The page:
More a note to myself on Stolen World topics
A study of my VERY long running game. A work in progress that will prob never be finished
10/81 - 1/14 RIP
I can explain! Really! (Note: This is for my Demon Hunting Campaign set in 1640's Ireland, so here be campaign specific dragons.)
A final update on what happened to Kingmakers.
“What made you think all these naked dummies were zombies?” –Renee, still amazed at Jessy’s lack of control.
“Because normal people don’t stand around naked in the rain?" –Jessy, displaying his “common sense.”
“I’d Kiss you Jessy, but after everything that’s wound up in your beard of the past few weeks I’d probably catch the plague and become a zombie.” -Heather Wilks, grateful for Jessy’s brilliant landing location.
“That might jus be an improvement to both yer looks and yer attitude.”-Jessy Hannaford, being his sarcastic self.
Nuclear war, zombie outbreaks, meteor strikes, economic collapse, alien invasion, no matter how it happens an apocalypse makes for a unique and engaging setting to run a campaign in, even for a jaded GM.
Here’s a few quick tips that can make a good zombie or other post apocalypse game a great one, and keep the group coming back (from the dead?) for more.
Sometimes playing a major NPC that’s part of the party can be tough. After all, it’s hard not to have the NPC come up with a winning strategy, spot a piece of evidence or find a trap the PCs overlooked. However, if one does this too much, the NPC becomes the crutch the group leans on as soon a problem presents itself.
When done too little, the NPC is usually treated as a useless addition outside of menial labor and an extra weapon in combat. Here are a few techniques to keep them fun and useful , and become a party member the GM and players will like having around.
A few quick and techniques any GM can use to make a zombie apocalypse campaign a success without becoming to stressful or repetitive for to run over the long term:
Learn how to apply one of screenwriting's most effective tools to your own campaign, for a game with better pacing and solid endings.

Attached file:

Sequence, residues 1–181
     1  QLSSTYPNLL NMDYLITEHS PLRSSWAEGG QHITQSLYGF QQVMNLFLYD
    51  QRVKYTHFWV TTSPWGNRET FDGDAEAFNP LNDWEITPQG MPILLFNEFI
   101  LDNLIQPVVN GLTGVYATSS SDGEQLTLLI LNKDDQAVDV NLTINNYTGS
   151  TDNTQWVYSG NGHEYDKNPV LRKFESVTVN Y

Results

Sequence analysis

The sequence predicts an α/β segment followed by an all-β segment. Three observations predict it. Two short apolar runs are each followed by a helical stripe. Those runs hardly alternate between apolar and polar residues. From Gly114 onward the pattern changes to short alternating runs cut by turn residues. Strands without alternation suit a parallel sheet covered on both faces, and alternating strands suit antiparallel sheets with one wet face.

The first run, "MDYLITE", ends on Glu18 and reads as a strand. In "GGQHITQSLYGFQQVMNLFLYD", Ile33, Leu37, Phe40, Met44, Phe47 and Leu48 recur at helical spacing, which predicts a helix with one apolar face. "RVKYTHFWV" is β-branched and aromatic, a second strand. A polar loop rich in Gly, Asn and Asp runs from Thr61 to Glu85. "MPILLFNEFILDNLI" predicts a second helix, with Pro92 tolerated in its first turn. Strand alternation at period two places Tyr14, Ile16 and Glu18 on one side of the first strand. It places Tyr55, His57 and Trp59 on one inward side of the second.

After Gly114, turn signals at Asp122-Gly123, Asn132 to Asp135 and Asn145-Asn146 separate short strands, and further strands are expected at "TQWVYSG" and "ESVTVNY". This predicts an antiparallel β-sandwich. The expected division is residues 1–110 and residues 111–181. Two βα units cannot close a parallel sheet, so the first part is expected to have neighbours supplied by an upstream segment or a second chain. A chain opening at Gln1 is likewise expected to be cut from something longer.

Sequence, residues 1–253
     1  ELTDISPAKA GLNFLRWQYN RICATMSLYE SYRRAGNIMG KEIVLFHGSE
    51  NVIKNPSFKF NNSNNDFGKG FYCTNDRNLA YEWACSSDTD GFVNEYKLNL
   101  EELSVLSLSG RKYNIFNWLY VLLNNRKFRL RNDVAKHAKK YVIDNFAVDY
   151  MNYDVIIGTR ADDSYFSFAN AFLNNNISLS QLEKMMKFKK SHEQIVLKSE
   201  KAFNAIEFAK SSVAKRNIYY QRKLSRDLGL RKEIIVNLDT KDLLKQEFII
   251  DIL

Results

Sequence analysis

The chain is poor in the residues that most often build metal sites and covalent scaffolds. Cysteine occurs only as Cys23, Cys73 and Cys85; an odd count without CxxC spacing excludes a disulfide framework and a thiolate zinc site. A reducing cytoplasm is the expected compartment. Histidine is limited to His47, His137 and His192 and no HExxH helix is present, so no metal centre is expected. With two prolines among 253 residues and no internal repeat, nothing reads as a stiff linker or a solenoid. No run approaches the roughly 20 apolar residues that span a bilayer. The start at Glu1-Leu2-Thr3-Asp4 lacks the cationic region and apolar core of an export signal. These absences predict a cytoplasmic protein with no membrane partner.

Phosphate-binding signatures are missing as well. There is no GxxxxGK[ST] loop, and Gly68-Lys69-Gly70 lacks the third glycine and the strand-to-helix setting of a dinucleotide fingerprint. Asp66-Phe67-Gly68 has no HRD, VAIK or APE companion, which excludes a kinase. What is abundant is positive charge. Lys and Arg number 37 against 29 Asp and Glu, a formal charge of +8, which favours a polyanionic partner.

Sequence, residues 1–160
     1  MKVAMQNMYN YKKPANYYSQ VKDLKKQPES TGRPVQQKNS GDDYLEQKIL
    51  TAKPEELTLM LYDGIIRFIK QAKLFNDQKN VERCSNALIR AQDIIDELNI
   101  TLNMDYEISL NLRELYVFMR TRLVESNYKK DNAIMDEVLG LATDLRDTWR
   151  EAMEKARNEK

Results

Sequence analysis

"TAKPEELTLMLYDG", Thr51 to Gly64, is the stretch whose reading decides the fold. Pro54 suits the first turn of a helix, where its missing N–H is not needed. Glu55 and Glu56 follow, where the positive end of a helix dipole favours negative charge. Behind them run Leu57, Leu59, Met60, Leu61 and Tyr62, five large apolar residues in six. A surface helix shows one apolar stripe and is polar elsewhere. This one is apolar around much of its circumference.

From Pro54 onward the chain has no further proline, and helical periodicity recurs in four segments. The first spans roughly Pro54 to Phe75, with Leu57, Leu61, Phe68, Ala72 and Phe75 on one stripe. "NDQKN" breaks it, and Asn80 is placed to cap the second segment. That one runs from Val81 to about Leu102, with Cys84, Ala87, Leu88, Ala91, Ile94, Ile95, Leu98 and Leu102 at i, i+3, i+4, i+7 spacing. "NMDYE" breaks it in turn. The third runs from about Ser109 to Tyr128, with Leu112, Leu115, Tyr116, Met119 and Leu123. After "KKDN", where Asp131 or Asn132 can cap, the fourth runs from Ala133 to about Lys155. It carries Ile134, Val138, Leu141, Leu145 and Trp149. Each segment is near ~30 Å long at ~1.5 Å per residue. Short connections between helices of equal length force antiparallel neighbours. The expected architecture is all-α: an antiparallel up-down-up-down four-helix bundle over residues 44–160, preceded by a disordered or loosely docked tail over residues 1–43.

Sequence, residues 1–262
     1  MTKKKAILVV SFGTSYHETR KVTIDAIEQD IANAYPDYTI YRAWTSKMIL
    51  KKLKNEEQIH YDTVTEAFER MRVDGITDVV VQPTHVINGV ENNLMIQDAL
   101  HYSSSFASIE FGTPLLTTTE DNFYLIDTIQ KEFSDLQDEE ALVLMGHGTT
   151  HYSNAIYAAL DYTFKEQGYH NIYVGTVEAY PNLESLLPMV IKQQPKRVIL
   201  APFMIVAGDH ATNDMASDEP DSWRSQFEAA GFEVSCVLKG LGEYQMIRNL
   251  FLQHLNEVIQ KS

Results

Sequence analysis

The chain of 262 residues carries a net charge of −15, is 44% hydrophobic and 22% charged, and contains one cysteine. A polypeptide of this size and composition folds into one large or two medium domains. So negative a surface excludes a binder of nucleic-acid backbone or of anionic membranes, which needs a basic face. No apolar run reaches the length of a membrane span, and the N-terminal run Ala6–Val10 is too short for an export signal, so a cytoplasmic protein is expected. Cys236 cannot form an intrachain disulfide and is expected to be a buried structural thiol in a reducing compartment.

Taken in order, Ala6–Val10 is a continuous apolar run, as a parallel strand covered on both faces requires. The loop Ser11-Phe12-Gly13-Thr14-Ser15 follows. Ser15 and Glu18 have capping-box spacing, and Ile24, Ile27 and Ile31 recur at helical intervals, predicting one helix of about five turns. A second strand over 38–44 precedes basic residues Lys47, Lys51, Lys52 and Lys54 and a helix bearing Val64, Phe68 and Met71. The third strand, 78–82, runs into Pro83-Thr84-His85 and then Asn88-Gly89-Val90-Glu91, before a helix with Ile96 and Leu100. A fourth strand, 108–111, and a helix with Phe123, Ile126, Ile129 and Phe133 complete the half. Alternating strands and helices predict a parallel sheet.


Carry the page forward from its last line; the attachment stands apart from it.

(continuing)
And the walls came tumbling down...
Letting one of my players encounter a Raccoon might have been a bad idea... (now with PC summaries written by their respective players.... if everyone does it)
Get ready, a great deal happened.
Interrogating the suspects doesn't go as planned.
My commentary and thoughts on the session we played tonight.
My commentary and thoughts on the campaign I started tonight.
The air had grown chill the minute they descended into the strange valley, which was unmarked on any of their maps. It was so strange here, devoid of animal life and completely silent. The horses were nervous the entire journey through the vale. As they set about to collect firewood for the campfire they could hear their own voices as dim echoes through the eerie silence.
The food didn't taste anything that evening and their sleep was cold and troubled by nightmares. While they are clearing camp the next morning, one of them stumbles over a piece of stone jutting out of the ground nearby the horses. On closer inspection there seems to be runes engraved into the polished surface. The symbols true meaning is no more known among mere mortals and if they decide to dig deeper, they will discover that it is an ancient altar buried within the soil.
Any historically oriented party member will recognize the largest symbol to be the insignia of the powerful warlock who ruled this realm several centuries ago. At their departure from the area, something will seem amiss with one of the party members and all will remember the stories of the warlock's thousand curses.